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How my dad cut down to size my sense of entitlement

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You never know how strong you are until being strong is the only option you had left. Take courage!

A few weeks before I cleared campus, my father had requested me to make time for a tete-a-tete. His voice over the phone had betrayed his insecurities and concern. Over the years, I have seen a man I once saw unshakable, a relentless provider and archaic letting his guard down.

He was becoming more vulnerable and forthright with the family state of affairs. In most of my continuing struggles as a young man; often I saw much of his reflection in me; of the sacrifices, disappointments and resilience.

In the heart of Murang’a land on a Sunday afternoon, we took a stroll around the farm. The El-Nino rains had brought with it a bouquet of blessings. Among them was a hefty paycheck from the favourable crop yield that season and from the maize surplus, we would prepare ngara (roasted maize kernel) as a quick snack or sort of.

“Are you showing me my inheritance?” I quipped.

The old man smirked shaking his head side to side. “What makes you think this land is yours?”

“As your firstborn son, isn’t it customary to ask of my father half of his assets once it is time? It is my right you know…” I was cut short.

“The Kibaki generation,” he muttered “Where did the mentality of feeling entitled to things that even aren’t yours legally coming from? Why are you young people so susceptible to quick fixes? That explains the reason many of you are dying early.”

Off topic, I know, right? It’s parenting as we know it. One bears the indiscretions of his/her peers as a whole; collective reprove.

“Any plans after campus, am I a grandfather and I don’t know it yet? You know campus is a cesspit of all manners.” He was now examining the ear of a corn. Sarcasm runs in the family. I once remembered the old man saying that children are like herpes, they stick for life. My brain was too innocent then to contemplate its meaning; probably because of a particular vocabulary stated in his rant.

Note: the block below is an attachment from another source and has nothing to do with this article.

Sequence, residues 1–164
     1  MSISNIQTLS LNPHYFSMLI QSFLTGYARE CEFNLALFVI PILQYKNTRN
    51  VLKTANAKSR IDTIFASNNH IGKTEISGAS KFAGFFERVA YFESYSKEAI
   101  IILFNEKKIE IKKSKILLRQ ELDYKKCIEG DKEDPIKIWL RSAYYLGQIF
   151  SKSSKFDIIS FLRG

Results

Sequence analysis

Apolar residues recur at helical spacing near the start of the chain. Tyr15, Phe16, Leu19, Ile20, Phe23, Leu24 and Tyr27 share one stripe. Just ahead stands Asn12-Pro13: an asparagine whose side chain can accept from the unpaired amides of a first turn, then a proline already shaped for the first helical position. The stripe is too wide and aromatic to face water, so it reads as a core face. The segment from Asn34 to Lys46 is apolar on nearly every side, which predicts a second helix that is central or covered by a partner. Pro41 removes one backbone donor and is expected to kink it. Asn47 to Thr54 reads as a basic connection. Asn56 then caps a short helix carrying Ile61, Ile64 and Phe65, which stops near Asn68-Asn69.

He was attentive while I took him through the humdrum of job applications I had submitted so far and some viable business ideas I had in mind that would keep me afloat financially in Nairobi before something more committing came by.

“Son, you have become of age to begin living your life as you please. Your mother and I have to come to terms that we have already lost you to the world” He maintained his eye contact.

“Obedience was demanded of you during your childhood and adolescence. Now that you are an adult I beseech you to honour me as your father till my last breath.

One man to another; I am personally not as ease. I am perturbed by thinking of what lies ahead of you. For a man’s life is full of one test after another. Many of which we begin with zeal and determination but fall short after finishing strong. The world, unfortunately, will place judgement on whatever your hands find to do by how you completed it.

Being young as you are, I ask of you to take courage, for the world is very unforgiving to men. It will push you so much against the wall that you will break into pieces at one point. Should this happen, you have two options. Be bitter or be better. Son, please take courage to reinvent you, for bitter men poison whatsoever they touch.

The young are an oppressed minority. Never let it get into your head that you are entitled to anything. The elderly will always guard their self-interests and will hold you back from achieving your full potential. You will be used, exploited and wasted. However be smart about it, in these circumstances try to always have leverage. Learn the art of persuasion for people will be difficult to work with.

Life will cost you two coins; lack and excesses. When we lack, we become resilient in adversity. We invent and find solutions to problems. Find it in yourself to appreciate the challenges in your life. For man and challenges are inseparable. When in excesses, please remember that wealth is a responsibility; a God given chance to heal your society. Therefore free from pride and complacency, for they will cloud your vision.

As a man you are called to lead, love and protect.

For you to lead, you must serve. It is necessary to starve your ego, only then can you have the right attitude to learn and listen. A leader has a vision, passion and a defined path. He does not follow his heart! The heart is very deceitful and no one can understand it. Lead with dignity, gentleness, confidence and in love.

As a leader, you will be called upon to guard and protect what you love. Choose your battles wisely and always be proactive. You will also need to protect you from yourself. Remember that a leader’s sin and iniquities has consequences even to those who follow him. A fish rots from the head.”

It was a long walk back home. The deafening silence between us as we trudged uphill, spoke in volumes of a love a father had for a son; one that can only be expressed by instruction.

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